Former Democratic congressman Ozzie Myers charged with bribery, ballot stuffing
Former Rep. Michael “Ozzie” Myers (D-Pa.) was charged with bribing an election official to help candidates who had either hired Myers or whom he favored to win for other reasons, the Justice Department revealed Thursday.
Prosecutors allege the disgraced former congressman Myers conspired with and bribed a former judge to illegally add votes for candidates of their mutual party in the 2014, 2015 and 2016 primary elections.
The former judge, Domenick Demuro, previously pleaded guilty in federal court in Philadelphia. He had been responsible for overseeing the entire election process for all voter activities in his division, according to the Justice Department release.
“Free and fair elections are the hallmark of our system of government,” acting Assistant Attorney General Brian C. Rabbitt, of the Justice Department’s Criminal Division, said in a statement. “The Department of Justice has zero tolerance for corruption of the electoral process, and we will spare no effort in investigating and prosecuting those who would seek an unfair advantage at the polls by bribing state and local officials responsible for ensuring the fairness of our elections.”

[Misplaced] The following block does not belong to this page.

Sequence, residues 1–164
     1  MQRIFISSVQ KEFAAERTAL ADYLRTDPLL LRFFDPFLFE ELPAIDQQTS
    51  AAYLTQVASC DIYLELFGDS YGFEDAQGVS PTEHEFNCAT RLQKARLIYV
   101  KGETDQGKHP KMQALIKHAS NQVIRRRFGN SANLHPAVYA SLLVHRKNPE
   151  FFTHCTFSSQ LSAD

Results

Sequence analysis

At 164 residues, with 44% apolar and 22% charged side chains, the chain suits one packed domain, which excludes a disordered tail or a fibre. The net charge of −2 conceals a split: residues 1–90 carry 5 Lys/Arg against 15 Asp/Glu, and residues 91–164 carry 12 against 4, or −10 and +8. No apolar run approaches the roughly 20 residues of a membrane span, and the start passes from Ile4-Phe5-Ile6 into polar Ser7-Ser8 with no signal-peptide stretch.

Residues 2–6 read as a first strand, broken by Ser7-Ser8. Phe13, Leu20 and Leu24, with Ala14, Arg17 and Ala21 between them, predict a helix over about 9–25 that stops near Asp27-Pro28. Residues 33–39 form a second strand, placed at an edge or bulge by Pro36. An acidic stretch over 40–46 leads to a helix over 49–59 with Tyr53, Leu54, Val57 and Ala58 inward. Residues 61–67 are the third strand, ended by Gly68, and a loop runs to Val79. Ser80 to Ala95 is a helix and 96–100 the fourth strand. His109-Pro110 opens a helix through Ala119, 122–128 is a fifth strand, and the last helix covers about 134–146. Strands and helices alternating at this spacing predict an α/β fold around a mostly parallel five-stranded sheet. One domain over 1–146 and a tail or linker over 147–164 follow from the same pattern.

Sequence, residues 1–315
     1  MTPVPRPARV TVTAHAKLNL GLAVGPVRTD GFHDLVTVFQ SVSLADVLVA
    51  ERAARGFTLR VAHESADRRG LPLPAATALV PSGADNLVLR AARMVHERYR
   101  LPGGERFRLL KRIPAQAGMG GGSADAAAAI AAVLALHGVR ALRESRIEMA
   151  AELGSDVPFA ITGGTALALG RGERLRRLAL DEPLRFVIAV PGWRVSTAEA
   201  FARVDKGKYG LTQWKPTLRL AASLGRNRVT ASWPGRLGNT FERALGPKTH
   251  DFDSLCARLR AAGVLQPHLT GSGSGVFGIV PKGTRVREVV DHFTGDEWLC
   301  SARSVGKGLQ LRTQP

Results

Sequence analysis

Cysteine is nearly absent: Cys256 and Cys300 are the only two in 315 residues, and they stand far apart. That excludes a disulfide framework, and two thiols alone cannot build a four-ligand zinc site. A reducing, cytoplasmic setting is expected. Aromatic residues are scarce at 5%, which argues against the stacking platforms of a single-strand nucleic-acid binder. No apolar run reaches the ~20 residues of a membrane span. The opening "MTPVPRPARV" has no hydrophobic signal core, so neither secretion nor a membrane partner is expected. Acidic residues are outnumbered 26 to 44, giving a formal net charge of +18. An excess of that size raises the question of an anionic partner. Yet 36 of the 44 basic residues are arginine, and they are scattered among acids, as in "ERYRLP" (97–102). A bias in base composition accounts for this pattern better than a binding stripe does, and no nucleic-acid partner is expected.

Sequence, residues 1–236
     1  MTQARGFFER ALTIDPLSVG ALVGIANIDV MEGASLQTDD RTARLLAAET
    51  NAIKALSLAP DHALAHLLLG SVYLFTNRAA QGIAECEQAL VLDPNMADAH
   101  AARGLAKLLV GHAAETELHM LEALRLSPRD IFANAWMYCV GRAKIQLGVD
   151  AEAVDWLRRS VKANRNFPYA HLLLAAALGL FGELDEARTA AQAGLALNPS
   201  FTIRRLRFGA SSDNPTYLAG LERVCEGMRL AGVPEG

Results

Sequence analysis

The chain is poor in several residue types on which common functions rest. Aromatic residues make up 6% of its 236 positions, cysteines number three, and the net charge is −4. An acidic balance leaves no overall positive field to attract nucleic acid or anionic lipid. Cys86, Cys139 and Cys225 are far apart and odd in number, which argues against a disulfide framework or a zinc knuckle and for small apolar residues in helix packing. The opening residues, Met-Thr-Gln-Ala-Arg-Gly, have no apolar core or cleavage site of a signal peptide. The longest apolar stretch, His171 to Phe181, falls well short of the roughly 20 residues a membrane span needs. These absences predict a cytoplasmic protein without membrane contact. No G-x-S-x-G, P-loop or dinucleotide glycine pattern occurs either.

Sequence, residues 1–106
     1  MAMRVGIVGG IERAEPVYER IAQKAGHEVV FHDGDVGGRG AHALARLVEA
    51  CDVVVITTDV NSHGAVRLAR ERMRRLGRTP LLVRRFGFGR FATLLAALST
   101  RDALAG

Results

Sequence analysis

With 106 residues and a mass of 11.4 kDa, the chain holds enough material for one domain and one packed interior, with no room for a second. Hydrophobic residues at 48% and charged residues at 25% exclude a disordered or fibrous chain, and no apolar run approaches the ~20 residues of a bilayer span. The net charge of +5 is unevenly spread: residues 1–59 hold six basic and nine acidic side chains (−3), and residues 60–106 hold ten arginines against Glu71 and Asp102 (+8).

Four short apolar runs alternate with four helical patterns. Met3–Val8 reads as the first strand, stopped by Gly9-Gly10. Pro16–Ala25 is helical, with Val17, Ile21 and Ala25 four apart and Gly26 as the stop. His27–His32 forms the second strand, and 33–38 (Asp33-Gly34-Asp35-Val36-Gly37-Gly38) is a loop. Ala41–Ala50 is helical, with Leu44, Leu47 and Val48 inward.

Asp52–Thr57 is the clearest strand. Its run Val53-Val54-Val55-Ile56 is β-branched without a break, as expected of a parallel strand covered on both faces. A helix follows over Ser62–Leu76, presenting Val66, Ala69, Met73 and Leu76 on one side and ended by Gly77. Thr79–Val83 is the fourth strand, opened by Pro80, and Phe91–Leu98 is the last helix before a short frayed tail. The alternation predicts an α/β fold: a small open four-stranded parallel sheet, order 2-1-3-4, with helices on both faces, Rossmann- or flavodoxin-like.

Myers, 77, represented Pennsylvania’s 1st Congressional District between 1976 and 1980. He was expelled from Congress and convicted after he was caught taking bribes in the Abscam sting investigation, according to The Philadelphia Inquirer.
Myers is charged with bribing Demuro to illegally add votes for certain candidates, including some whose campaigns had hired Myers as a campaign consultant. Others were candidates for various federal, state and local elected offices whom “Myers favored for a variety of reasons,” according to the Justice Department.
According to the indictment, Myers would allegedly solicit payments from his clients in the form of cash or checks as “consulting fees” and then used portions of the funds to pay Demuro and others in return for tampering with election results.
Demuro, after receiving payments ranging from $300 to $5,000 per election from the consultant, would allegedly add fraudulent votes on the voting machine for Myers’s clients and preferred candidates. The former judge, at Myers’s direction, would also add fraudulent votes to the total during Election Day and would later certify that the voting machine results were accurate.
Copyright 2023 Nexstar Media Inc. All rights reserved. This material may not be published, broadcast, rewritten, or redistributed.